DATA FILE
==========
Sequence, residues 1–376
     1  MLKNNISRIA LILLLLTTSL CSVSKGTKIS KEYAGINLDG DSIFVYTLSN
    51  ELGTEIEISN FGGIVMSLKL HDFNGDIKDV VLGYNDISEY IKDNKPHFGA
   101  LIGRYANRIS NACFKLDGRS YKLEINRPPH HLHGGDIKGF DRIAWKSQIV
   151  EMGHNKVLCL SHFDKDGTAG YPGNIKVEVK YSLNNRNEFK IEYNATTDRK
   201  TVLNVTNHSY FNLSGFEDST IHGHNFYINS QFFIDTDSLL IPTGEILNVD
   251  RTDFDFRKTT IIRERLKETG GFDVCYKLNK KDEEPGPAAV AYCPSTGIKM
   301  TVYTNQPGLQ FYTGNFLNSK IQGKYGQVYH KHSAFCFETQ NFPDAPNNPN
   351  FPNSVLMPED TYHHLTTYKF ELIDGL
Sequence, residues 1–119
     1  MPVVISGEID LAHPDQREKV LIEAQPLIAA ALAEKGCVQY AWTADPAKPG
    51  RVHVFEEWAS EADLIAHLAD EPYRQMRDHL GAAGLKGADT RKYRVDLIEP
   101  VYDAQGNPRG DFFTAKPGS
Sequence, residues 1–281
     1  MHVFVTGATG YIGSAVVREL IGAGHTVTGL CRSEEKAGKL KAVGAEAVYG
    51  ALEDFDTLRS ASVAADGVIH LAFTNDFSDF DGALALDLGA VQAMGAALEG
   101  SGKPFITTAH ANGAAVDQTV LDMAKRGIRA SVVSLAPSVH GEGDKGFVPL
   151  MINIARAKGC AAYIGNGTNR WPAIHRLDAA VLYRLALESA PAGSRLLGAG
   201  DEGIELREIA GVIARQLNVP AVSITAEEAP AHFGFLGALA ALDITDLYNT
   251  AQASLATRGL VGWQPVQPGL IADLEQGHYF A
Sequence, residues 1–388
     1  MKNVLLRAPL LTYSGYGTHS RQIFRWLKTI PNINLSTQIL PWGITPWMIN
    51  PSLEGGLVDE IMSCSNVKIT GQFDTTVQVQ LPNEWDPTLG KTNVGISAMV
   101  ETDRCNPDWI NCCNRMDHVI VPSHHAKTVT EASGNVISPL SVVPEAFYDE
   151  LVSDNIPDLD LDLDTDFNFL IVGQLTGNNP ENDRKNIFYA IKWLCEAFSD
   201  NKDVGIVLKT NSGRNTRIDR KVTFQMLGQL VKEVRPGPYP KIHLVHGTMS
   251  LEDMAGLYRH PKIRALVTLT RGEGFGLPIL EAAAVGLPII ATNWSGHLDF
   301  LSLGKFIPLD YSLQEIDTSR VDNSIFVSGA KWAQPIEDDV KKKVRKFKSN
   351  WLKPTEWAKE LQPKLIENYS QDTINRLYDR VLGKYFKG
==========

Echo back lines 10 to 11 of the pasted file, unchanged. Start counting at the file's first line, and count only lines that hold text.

Sequence, residues 1–119
     1  MPVVISGEID LAHPDQREKV LIEAQPLIAA ALAEKGCVQY AWTADPAKPG